“Made and Bottled by” tells us that at least 10% of the wine is made by the winery on the label. The rest of it is purchased wine and blended. Many of the wines with the above designations, will not have the winery’s name on the front, rather you will have to hunt for the name on the back. Production of these wines is usually high. These are commodity wines, made to sell and fill the demand for inexpensive juice. However, many times they are not that inexpensive, but have great labels.
“Produced and Bottled by” lets us know that at least 75% of the wine was actually crushed, fermented and bottled at the winery. The other 25% could have been made by someone else. This does not mean they grew the grapes and made wine. Most with this designation bought their grapes. However, many of these wineries have long-term contracts with grape growers and have a say in how to cultivate the grapes.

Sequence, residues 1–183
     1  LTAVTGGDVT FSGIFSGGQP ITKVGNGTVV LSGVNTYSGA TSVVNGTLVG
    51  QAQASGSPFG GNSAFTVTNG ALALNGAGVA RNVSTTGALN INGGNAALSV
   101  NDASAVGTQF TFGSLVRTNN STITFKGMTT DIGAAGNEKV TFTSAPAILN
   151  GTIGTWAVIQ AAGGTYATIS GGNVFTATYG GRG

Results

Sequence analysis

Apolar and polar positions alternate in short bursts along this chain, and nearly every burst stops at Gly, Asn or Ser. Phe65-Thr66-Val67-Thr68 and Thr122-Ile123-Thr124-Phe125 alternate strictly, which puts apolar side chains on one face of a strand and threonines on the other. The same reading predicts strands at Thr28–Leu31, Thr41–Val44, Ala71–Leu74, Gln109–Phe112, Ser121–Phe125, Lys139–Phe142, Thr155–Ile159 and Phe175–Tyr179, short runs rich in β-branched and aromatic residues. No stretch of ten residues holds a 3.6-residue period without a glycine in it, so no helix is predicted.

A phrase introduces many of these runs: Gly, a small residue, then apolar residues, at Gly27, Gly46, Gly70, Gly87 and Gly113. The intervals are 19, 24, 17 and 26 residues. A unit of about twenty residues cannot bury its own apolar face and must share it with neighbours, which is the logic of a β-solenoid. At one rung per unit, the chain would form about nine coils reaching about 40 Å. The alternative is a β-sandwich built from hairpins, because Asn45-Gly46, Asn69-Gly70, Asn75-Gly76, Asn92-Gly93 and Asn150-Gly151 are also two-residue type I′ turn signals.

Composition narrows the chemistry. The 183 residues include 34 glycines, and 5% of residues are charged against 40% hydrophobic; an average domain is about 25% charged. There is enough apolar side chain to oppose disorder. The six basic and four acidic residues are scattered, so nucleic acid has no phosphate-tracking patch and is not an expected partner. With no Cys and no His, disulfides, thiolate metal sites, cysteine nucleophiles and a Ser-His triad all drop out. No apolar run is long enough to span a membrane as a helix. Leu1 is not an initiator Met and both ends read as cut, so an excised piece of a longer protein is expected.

“Grown, Produced and Bottled by” is exactly what it means. They grew grapes and made their own wine.
“Estate Bottled and Produced” means that the wine was made from grapes on the property where the winery stands, they had full oversight of the production of the wine and bottled on the estate. These are the wines which slap their winery name right on the front label with pride. They want everyone to know they produced the wine.
We think we are savvy consumers. But be careful, there has been a lot of research by large wine companies on labels and selling wine. Marketing drives the wine business. They still have the upper hand and sell millions of cases of swill because they invested their money on marketing and not the vineyard. Hopefully these few tips will help you in choosing your next bottle of wine. More importantly I hope our local friends at the Ramona Valley Vintner Association put more thought into their labels. The competition is fierce and these massive wine conglomerates have no mercy.